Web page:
Group Insurance Options

If you are covered under an employer group plan, you may still be eligible for coverage after you reach age 65 either as an active employee or as a retiree. You may also be eligible to purchase coverage through a voluntary association.

Employer Group Plans

If you are currently covered under an employer's group insurance plan, you should determine whether you have the option of continuing coverage or converting to suitable coverage to supplement Medicare before you decide to retire, become eligible for Medicare, or reach age 65. State and federal laws require many employers to offer continued health insurance benefits for a limited period of time if your group coverage ends because of divorce, death of a spouse, or termination of employment for reasons other than discharge for misconduct. You should check with your employer for more information.

If either you or your spouse plan to continue working after age 65, you need to take extra care in making insurance decisions. Your group insurance plan may not provide the same coverage you received prior to your 65th birthday.

Federal law determines when Medicare is primary payer and when it is secondary payer. The determination is based on whether you are defined as the employee or dependent under the group insurance policy, and on whether the group insurance policy is offered by an employer with 20 or more employees. You should submit a written request to your insurance company regarding the benefits you will have under the group insurance policy after you or your spouse become eligible for Medicare.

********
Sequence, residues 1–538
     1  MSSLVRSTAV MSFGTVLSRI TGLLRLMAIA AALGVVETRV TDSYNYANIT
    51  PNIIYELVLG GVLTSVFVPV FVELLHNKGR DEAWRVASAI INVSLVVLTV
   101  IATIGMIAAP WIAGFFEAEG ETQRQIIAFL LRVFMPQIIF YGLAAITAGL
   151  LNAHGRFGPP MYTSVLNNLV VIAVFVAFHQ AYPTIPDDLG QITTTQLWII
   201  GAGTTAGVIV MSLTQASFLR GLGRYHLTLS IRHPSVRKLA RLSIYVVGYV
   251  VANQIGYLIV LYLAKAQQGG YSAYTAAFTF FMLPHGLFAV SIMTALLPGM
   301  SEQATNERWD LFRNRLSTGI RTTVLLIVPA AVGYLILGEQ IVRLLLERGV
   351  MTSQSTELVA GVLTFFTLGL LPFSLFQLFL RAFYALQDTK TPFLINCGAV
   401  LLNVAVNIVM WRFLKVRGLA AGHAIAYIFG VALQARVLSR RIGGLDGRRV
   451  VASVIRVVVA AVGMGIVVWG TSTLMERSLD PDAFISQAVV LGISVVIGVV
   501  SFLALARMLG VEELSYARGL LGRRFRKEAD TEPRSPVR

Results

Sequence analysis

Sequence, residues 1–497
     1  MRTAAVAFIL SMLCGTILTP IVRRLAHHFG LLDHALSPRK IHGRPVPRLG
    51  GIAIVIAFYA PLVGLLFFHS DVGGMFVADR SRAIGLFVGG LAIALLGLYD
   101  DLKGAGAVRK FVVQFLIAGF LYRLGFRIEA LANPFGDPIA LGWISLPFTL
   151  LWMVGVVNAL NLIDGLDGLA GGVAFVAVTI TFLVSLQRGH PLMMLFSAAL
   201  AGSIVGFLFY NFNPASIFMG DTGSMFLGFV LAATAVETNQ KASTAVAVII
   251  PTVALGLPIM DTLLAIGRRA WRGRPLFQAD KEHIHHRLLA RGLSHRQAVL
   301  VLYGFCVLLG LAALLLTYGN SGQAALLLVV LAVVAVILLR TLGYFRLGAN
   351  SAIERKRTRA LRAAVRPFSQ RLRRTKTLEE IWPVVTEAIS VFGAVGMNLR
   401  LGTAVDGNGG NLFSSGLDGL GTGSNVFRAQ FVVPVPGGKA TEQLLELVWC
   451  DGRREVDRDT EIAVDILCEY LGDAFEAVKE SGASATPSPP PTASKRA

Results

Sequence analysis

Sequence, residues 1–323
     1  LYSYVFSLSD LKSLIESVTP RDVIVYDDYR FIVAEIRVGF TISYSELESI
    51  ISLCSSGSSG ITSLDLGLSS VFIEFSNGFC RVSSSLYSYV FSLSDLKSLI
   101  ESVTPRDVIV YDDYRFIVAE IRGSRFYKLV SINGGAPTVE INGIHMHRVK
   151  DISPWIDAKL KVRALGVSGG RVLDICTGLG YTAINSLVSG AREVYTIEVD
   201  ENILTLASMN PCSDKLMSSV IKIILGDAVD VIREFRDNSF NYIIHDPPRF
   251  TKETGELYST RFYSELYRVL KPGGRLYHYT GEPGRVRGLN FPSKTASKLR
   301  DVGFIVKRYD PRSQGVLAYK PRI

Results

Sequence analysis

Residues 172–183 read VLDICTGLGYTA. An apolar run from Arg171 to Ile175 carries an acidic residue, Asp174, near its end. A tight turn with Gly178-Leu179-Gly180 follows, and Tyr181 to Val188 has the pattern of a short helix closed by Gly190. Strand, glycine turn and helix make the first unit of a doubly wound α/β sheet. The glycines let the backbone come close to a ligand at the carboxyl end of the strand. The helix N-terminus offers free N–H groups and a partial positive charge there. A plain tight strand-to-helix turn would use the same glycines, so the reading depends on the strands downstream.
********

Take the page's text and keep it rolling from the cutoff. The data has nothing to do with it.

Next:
Employers With 20 or More Employees

If you continue to work past age 65, you are considered an active employee and your employer has at least 20 employees, your group plan will be the primary payer over Medicare. If you are 65, retired, covered under your actively employed spouse's group plan, and your spouse's employer has at least 20 employees, the group plan will be the primary payer.

In either of these cases, when the employee (you or your spouse) retires and is no longer considered an active employee, each Medicare eligible beneficiary (you and/or your spouse) should enroll in Medicare Part B (if not already enrolled). If you don't enroll in Medicare Part B and are allowed to continue your employer's group health plan, the group policy may pay only the 20% and you will be responsible for paying the 80%. This is because your group policy may calculate its benefit payment because you are eligible for Medicare regardless of whether you sign up for Medicare part B. Also, to apply for a Medicare supplement or Medigap policy, most insurance companies require that you have both Medicare Part A and part B.

Employers With Less Than 20 Employees